Of his many schooners, ketches and cutters that nosed about among the coral isles of the South Seas, David Grief loved most the Rattler—a yacht-like schooner of ninety tons with so swift a pair of heels that she had made herself famous, in the old days, opium- smuggling from San Diego to Puget Sound, raiding the seal-rookeries of Bering Sea, and running arms in the Far East. A stench and an abomination to government officials, she had been the joy of all sailormen, and the pride of the shipwrights who built her. Even now, after forty years of driving, she was still the same old Rattler, fore- reaching in the same marvellous manner that compelled sailors to see in order to believe and that punctuated many an angry discussion with words and blows on the beaches of all the ports from Valparaiso to Manila Bay.
On this night, close-hauled, her big mainsail preposterously flattened down, her luffs pulsing emptily on the lift of each smooth swell, she was sliding an easy four knots through the water on the veriest whisper of a breeze. For an hour David Grief had been leaning on the rail at the lee fore-rigging, gazing overside at the steady phosphorescence of her gait. The faint back-draught from the headsails fanned his cheek and chest with a wine of coolness, and he was in an ecstasy of appreciation of the schooner's qualities.
"Eh!—She's a beauty, Taute, a beauty," he said to the Kanaka lookout, at the same time stroking the teak of the rail with an affectionate hand.
"Ay, skipper," the Kanaka answered in the rich, big-chested tones of Polynesia. "Thirty years I know ships, but never like this. On Raiatea we call her Fanauao."
"The Dayborn," Grief translated the love-phrase. "Who named her so?"
About to answer, Taute peered ahead with sudden intensity. Grief joined him in the gaze.
"Land," said Taute.
"Yes; Fuatino," Grief agreed, his eyes still fixed on the spot where the star-luminous horizon was gouged by a blot of blackness. "It's all right. I'll tell the captain."
The Rattler slid along until the loom of the island could be seen as well as sensed, until the sleepy roar of breakers and the blatting of goats could be heard, until the wind, off the land, was flower-drenched with perfume.
"If it wasn't a crevice, she could run the passage a night like this," Captain Glass remarked regretfully, as he watched the wheel lashed hard down by the steersman.
The Rattler, run off shore a mile, had been hove to to wait until daylight ere she attempted the perilous entrance to Fuatino. It was a perfect tropic night, with no hint of rain or squall. For'ard, wherever their tasks left them, the Raiatea sailors sank down to sleep on deck. Aft, the captain and mate and Grief spread their beds with similar languid unconcern. They lay on their blankets, smoking and murmuring sleepy conjectures about Mataara, the Queen of Fuatino, and about the love affair between her daughter, Naumoo, and Motuaro.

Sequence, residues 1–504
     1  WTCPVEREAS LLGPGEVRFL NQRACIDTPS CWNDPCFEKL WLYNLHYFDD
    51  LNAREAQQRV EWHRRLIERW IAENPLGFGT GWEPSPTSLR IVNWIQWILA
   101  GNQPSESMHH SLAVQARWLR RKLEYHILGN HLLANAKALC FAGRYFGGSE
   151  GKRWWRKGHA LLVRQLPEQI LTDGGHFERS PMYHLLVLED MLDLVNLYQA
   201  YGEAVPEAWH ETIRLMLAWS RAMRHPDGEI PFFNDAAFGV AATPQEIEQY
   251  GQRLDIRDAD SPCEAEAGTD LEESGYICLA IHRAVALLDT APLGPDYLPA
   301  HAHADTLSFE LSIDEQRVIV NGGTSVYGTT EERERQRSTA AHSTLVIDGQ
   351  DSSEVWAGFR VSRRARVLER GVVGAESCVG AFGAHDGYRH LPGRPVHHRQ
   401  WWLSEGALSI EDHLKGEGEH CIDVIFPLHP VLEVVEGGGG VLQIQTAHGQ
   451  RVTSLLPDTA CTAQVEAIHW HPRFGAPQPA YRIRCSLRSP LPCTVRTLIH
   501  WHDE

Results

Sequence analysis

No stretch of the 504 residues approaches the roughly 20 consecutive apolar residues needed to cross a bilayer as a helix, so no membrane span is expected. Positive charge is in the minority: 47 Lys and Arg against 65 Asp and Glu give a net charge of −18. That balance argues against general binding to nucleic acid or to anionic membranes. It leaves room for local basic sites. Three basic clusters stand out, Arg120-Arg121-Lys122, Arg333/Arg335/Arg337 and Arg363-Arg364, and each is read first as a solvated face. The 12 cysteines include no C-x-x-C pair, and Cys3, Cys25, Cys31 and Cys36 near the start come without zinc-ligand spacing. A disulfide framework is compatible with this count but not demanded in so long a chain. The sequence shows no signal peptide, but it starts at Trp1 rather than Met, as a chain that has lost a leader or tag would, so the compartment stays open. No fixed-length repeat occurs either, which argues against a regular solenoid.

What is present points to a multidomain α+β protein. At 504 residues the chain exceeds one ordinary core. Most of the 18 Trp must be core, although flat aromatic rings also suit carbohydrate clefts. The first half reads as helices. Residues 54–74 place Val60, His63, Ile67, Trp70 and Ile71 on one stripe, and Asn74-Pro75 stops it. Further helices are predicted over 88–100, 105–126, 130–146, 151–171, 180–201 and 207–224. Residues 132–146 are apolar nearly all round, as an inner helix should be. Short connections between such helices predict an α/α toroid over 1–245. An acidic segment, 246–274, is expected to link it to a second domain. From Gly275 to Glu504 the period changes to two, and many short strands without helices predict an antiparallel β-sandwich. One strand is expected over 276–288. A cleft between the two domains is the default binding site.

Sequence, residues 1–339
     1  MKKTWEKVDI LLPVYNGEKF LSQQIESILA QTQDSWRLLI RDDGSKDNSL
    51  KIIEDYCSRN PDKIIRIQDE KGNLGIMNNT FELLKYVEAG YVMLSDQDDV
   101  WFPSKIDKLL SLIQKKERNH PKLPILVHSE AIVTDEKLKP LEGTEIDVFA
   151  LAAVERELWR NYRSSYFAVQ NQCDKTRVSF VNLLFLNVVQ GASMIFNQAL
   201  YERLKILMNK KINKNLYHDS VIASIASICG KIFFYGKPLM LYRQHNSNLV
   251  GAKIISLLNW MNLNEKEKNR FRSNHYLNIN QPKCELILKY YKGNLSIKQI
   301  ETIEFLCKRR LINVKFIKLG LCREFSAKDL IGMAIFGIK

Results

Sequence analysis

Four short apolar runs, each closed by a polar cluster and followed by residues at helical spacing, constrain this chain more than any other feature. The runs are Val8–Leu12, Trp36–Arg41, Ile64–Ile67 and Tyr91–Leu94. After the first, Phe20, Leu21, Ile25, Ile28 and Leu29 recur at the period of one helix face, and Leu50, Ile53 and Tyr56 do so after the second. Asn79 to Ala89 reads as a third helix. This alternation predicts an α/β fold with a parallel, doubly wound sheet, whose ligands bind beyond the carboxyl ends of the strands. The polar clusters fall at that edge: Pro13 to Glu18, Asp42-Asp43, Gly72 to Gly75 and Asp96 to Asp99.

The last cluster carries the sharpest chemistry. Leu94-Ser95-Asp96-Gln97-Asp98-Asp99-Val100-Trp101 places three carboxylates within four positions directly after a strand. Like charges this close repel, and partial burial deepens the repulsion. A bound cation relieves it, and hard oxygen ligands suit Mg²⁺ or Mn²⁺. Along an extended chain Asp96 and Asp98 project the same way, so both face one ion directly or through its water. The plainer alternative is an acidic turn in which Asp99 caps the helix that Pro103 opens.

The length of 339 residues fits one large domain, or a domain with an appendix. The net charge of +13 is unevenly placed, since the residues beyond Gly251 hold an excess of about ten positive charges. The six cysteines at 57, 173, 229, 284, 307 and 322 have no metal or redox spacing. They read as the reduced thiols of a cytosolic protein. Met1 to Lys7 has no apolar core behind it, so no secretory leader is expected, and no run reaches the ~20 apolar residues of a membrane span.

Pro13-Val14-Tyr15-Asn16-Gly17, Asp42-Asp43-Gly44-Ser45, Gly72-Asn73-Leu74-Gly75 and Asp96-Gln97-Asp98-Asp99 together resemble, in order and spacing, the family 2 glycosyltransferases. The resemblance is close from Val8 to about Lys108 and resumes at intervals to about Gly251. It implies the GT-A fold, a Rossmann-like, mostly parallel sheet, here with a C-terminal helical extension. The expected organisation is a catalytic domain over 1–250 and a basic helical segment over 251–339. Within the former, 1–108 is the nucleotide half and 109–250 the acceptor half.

"They're certainly a romantic lot," Brown, the mate, said. "As romantic as we whites."
"As romantic as Pilsach," Grief laughed, "and that is going some. How long ago was it, Captain, that he jumped you?"
"Eleven years," Captain Glass grunted resentfully.
"Tell me about it," Brown pleaded. "They say he's never left Fuatino since. Is that right?"
"Right O," the captain rumbled. "He's in love with his wife—the little hussy! Stole him from me, and as good a sailorman as the trade has ever seen—if he is a Dutchman."
"German," Grief corrected.
"It's all the same," was the retort. "The sea was robbed of a good man that night he went ashore and Notutu took one look at him. I reckon they looked good to each other. Before you could say skat, she'd put a wreath of some kind of white flowers on his head, and in five minutes they were off down the beach, like a couple of kids, holding hands and laughing. I hope he's blown that big coral patch out of the channel. I always start a sheet or two of copper warping past."
"Go on with the story," Brown urged.,
"That's all. He was finished right there. Got married that night. Never came on board again. I looked him up next day. Found him in a straw house in the bush, barelegged, a white savage, all mixed up with flowers and things and playing a guitar. Looked like a bally ass. Told me to send his things ashore. I told him I'd see him damned first. And that's all. You'll see her to-morrow. They've got three kiddies now—wonderful little rascals. I've a phonograph down below for him, and about a million records."
"And then you made him trader?" the mate inquired of Grief.
"What else could I do? Fuatino is a love island, and Pilsach is a lover. He knows the native, too—one of the best traders I've got, or ever had. He's responsible. You'll see him to-morrow."
"Look here, young man," Captain Glass rumbled threateningly at his mate. "Are you romantic? Because if you are, on board you stay. Fuatino's the island of romantic insanity. Everybody's in love with somebody. They live on love. It's in the milk of the cocoanuts, or the air, or the sea. The history of the island for the last ten thousand years is nothing but love affairs. I know. I've talked with the old men. And if I catch you starting down the beach hand in hand—